At the top of that the overall transparency that the Accord created was huge; sitting anywhere in the globe anyone could see the factory inspection report, the suggested corrective action plan of all those factories in the Accord website, that was phenomenal. Before 2013, hundreds of garments workers gave their lives succumbing to factory fires or many other work-related injuries. After Accord started work in Bangladesh the death tally is zero!
This is the main issue we are trying to address in the past years that, if there is an industry there will be industrial disasters but there is no point for the workers to die for lack of safety. The work of Accord showed us that, there can be a disaster or a freak accident but workers lives will be still safe if measures are in place!
GV: Why does the industry need a longer tenure of the Accord?
(KA): The government is NOT yet ready with resources and expertise to sustain the change that Accord has made. The government and the manufacturers are saying that RCC (Remediation Co-Ordination Cell) is ready to take over all the work that Accord is doing but this is not true. The RCC is not ready yet to take all the job & responsibilities that Accord in doing in order to make these factories safer. Accord really needs to complete its current extension (up to 2021) and if still needed it should go beyond as well.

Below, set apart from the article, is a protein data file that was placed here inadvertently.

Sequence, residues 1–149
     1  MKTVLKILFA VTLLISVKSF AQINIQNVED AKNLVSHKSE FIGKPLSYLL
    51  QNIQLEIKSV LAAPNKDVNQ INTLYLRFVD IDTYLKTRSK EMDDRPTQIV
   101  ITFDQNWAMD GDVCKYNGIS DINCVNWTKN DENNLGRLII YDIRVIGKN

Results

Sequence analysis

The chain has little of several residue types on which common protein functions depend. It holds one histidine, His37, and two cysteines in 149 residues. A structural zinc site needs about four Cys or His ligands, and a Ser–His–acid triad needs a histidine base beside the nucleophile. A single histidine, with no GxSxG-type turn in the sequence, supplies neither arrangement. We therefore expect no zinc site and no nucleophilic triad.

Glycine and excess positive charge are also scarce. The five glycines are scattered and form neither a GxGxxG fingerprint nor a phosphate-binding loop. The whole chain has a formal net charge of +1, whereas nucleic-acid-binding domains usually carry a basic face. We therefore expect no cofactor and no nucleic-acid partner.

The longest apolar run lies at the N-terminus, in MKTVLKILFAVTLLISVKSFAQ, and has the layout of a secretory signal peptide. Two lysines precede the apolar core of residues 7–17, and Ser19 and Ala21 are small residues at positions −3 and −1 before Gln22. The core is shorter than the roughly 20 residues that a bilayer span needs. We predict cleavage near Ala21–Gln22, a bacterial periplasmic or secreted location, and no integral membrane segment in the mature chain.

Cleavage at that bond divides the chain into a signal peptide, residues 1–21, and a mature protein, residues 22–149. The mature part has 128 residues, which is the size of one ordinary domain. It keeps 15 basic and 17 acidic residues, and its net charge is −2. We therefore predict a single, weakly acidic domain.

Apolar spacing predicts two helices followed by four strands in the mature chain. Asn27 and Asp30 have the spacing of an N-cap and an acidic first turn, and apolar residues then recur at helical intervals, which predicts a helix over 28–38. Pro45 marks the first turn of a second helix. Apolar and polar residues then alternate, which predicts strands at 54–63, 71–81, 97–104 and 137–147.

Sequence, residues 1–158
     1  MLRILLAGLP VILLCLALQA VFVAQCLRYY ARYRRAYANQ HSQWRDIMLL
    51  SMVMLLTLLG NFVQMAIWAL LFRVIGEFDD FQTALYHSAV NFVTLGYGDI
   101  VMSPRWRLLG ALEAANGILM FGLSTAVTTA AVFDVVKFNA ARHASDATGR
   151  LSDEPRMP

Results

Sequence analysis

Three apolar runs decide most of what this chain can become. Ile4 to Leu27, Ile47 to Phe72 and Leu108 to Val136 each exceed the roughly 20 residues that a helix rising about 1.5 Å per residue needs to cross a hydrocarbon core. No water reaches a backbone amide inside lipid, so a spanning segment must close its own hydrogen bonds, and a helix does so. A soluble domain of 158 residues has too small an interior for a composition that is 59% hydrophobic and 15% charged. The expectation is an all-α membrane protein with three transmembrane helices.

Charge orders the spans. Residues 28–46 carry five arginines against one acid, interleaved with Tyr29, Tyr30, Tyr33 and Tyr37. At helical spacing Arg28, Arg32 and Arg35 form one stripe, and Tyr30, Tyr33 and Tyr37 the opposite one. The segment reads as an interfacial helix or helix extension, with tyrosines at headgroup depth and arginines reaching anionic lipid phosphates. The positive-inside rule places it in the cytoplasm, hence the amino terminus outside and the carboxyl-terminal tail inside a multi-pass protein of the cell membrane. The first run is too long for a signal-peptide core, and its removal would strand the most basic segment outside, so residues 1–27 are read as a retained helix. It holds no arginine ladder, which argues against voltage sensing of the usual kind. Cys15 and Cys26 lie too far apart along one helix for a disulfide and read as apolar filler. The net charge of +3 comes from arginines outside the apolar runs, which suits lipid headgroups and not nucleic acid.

GV: Who is against the Accord's presence in Bangladesh?
(KA): The government and the Manufacturer Associations are against to the Accord since the beginning of its work. One of the reasons can be that they have not been included in the mainstream of the Accord's decision-making process regarding factory inspections, so they are not in the steering board. There are also rumors that the Accord has been imposed on the manufacturers by powerful foreign nations or that the Accord is a colonialism program.
GV: What will happen to the hundreds of thousands of garment workers and the industry if the Accord leaves Bangladesh?
(KA): Then the factories will reverse back to the Rana Plaza situation. The problems in the RMG industry in Bangladesh are not new. If the government and the manufacturers would really care about the workers first before their profit then they would not have experienced all those horrified fire accidents and building collapses. If workers lives would really matter, then we wouldn't witness all these workers die in the last three decades. The bottom line is, the Accord leaving the country prematurely would mean an unsafe industry once again.